Thank you for your support. Much obliged. Now, go forth and multiply. Beget many children. And yea, your children shall beget children. And their children shall beget children, and their children’s children after them. And in time the genes that made you such pinheads will be eliminated through natural selection. Because that is how it works.’ . . . ;

By Gene Weingarten, Washington Post Staff Writer.

Saturday, August 14, 1999; Page C01


Here are some products of nature. That doesn’t mean they are good for you.

Lead, uranium, radon, arsenic, thallium, strychnine, cyanide (in Sorghum and Prunus species), Stinging nettles, poison ivy, yew, deadly nightshade, castor beans (ricin), tobacco, curare, foxglove, fly agaric, (muscarine), death cap (amanita phalloides), . . ..

Foxgloves, heart failure and biological standardisation

Here is a bit of relevant pharmacological history.

The 24th edition of Martindale’s Extra Pharmacopoeia (1958) describes Digitalis Leaf (B.P., I.P.), also known as Digit. Fol.; Digitalis; Foxglove Leaf; Feuille de Digitale; Fingerhutblatt; Hoja de digital.

It was defined as “the dried leaves of Digitalis purpurea (Scrophulariaceae).”At that time it was sometimes prescribed as Prepared Digitalis (BP),
which is “Digitalis leaf reduced to powder, no part being rejected, and biologically assayed the strength being stated in units per g. For therapeutic purposes it must be adjusted to contain 10 units in 1 g.”Sometimes foxglove leaf was prescribed as Tincture of Digitalis (B.P., I.P.).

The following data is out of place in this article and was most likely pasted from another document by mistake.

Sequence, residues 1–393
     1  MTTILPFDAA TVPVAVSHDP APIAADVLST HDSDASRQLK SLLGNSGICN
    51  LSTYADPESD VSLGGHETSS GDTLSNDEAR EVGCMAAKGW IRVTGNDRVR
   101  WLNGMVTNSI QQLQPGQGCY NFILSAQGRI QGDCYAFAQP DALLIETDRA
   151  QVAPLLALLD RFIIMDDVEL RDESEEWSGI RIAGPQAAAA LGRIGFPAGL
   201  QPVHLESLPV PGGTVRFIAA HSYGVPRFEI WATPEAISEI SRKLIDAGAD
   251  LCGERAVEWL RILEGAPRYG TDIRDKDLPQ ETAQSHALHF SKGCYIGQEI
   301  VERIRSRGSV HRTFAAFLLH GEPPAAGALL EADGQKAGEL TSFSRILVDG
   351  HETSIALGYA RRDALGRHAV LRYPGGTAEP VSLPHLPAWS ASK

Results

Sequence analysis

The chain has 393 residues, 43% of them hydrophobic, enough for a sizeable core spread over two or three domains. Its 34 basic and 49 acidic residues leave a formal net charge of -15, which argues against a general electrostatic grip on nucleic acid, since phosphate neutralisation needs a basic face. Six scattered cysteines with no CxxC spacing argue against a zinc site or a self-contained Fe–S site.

“It may be made from unstandardised leaf, the tincture being subsequently biologically assayed, or it may be made from prepared digitalis, using a quantity containing 1000 units per litre, by percolation or maceration, with alcohol (70 %). It contains 1 unit per ml. I.P. allows also 1 unit per g. Dose: 0.3 to 1 ml. (5 to 15 minims). ”

Although these preparations are now totally defunct, they were still better than the sort of thing that is now advocated by herbalists. Why? They were better because they were standardised.

Foxglove leaves contain several chemical compunds that are useful in certain forms of hear failure. But the margin of safety is quite low. Take a bit too much and it kills you not cures you. One batch of foxglove leaves will contain different amounts of active compounds from the last batch, and that endangered patients.

From the 1930s onwards, pharmacologists developed methods of biological assay that overcame this problem. An international
standard digitalis leaf sample was established. Every new batch had to be assayed against this standard, and diluted to a fixed level of biological activity. This ensured that each batch of digitalis powder had the same biological potency as the last batch. It was a great pharmacological advance in its time. But of course it did involve the use of animals for the biological assay.

All this was solved when the active principles were purified from the foxglove leaves. There was no longer any need to uses animals for biological assays. The right amount of pure digoxin or digitoxin could be weighed out.

Fortunately herbalists are not allowed to prescribe anything as potentially dangerous as digitalis. But in general herbalists are happy to use pre-1930, unstandardised plant extracts.

I can think of no case in which there is the slightest reason to think that the mixture of chemicals in the plant is any better than the purified active principles. Of course there could be such cases of synergy. But that is just idle speculation.

No surprise there then, because idle speculation is the stuff of alternative medicine. It’s a great deal easier than making the effort to find out what works, and probably more lucrative too.